Adapted for a younger readership from the author’s celebrated adult book of the same name, this illustrated history of the Silk Roads, bound in a majestic gold and blue package, is the perfect present for fledging historians. The book’s journey leads armchair adventurers along thrilling, far-reaching roads, taking in the history of ancient Persia, Constantinople, Rome, Attila the Hun, the emergence of Islam, Viking slavery, Genghis Khan, Columbus - and more - from a holistic perspective. “You might even think of the Silk Roads as the world’s central nervous system, linking all the organs of the body together”, the author suggests in the introduction, and his engaging exploration of the interplay between politics, science, religion and trade certainly gives this book far greater tang than your standard textbook. Indeed, generously spiced with exquisite illustrations and maps that inform as they enthrall, young history buffs will undoubtedly devour this pitch-perfect treasure, and grown-ups will get much from it too.
This lovely picture book tells a folktale from China and captures too the pleasures of a family gathering, and the importance of spending time together. Its little girl narrator is excited – it’s the night of the mid-Autumn Festival feast and her grandparents are coming round to celebrate. Her favourite part of the meal are the special mooncakes, ‘as small as my hand and as round as the moon’. They are decorated with the image of a beautiful lady and her grandmother tells them the story of Chang’e, the Lady in the Moon. It is a tale of courage, love and self-sacrifice, one to light up an autumn evening. As the book concludes, the little girl knows exactly what wish she will make for the coming year: like the lady in the moon, she wishes to be kind of heart and wise of mind. The story will be new to most readers in this country and, with a message of thanksgiving and unity and its insight into another culture, is a great one to share as we enjoy the autumn. There’s even a recipe for the delicious sounding mooncakes too.
The majestic story of Christmas, from the Annunciation to the Epiphany, has long inspired great artists. The Metropolitan Museum of Art's collection is particularly rich in medieval and Renaissance paintings that depict this timeless story. Gathered here are paintings by Rogier van der Weyden, Petrus Christus, Hans Memling, and Gerard David, among others, sensitively coupled with excerpts from the King James Bible. The perfect book for the entire family, The Christmas Story is a treasure to be enjoyed year after year.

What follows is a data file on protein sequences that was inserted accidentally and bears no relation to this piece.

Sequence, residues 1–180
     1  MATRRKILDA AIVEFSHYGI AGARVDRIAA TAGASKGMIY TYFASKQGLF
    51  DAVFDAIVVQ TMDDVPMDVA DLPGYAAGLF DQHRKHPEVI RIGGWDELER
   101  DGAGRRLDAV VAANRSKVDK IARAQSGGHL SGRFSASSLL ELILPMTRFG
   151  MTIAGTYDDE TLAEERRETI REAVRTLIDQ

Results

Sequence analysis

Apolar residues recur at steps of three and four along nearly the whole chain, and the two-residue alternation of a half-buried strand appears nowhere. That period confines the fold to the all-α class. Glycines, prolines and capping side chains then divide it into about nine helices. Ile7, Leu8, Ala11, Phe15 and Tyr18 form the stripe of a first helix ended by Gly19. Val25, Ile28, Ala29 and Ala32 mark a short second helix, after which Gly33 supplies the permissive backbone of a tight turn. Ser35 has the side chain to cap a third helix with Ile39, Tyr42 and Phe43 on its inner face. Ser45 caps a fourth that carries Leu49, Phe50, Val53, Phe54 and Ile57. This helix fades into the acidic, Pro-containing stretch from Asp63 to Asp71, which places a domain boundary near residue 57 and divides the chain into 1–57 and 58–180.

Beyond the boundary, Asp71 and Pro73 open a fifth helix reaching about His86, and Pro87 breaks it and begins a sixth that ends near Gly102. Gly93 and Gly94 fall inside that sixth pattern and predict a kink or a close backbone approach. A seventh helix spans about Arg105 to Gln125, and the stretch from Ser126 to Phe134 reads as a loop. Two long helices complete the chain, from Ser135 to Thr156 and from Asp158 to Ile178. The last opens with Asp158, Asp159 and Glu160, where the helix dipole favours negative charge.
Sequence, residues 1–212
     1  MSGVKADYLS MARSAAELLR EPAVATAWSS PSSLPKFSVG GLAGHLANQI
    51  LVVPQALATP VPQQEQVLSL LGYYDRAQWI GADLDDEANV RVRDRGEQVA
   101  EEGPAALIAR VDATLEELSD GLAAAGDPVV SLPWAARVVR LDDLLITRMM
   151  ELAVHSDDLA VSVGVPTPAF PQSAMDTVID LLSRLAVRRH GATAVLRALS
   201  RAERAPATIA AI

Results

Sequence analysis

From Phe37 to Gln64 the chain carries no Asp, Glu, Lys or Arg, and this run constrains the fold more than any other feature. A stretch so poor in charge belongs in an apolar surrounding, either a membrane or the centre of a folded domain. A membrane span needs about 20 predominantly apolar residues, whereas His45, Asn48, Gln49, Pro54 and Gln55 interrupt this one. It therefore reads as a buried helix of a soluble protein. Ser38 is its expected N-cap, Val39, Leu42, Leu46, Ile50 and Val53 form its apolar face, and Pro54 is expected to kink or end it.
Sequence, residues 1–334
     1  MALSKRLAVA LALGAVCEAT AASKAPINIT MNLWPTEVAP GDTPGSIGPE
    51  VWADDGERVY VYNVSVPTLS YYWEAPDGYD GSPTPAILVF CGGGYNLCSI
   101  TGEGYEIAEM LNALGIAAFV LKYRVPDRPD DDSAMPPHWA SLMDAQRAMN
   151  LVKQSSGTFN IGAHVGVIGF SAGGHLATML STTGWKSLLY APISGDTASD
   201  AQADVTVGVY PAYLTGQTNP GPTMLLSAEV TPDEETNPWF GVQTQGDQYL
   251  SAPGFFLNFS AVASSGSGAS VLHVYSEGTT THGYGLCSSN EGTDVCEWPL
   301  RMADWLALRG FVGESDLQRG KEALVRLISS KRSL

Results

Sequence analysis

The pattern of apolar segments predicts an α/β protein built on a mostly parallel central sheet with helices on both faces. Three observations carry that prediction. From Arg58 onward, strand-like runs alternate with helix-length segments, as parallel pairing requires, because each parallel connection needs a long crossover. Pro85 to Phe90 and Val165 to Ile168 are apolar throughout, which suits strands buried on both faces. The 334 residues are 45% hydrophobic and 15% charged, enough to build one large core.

At last all were gathered inside the ark. It heaved with animals, large and small. Mrs Noah wore a brand-new coat, with a hood and a cape - and very deep pockets. Lots of pockets. When Mr Noah builds the ark, he makes two lists - one for all the animals who will come on board and one for those troublesome creatures he will leave behind. Meanwhile, Mrs Noah gets out her sewing machine and makes a coat with very deep pockets. Lots of pockets.
There’s a sense of kindness and of people coming together in this bright, lively picture book. A young boy – clearly Harris J. in his trademark beanie – shares his umbrella with a stranger in the rain, triggering a torrent of good deeds. On each following page we see small acts of kindness, highlighted against vibrant splashes of sunshiny yellow. Meanwhile, sharp eyed readers will spot in the background people hurrying along with cans of paint; on the last spread we see they have painted a mural across a wall and the final image is of a long chain of people of all sizes and nationalities holding hands in front of it with the words, ‘Always be kind, always remind one another: peace on the Earth every day’. That’s the meaning of Assalamu Alaikum the book tells us, and the warmth and positivity of this message is perfectly conveyed.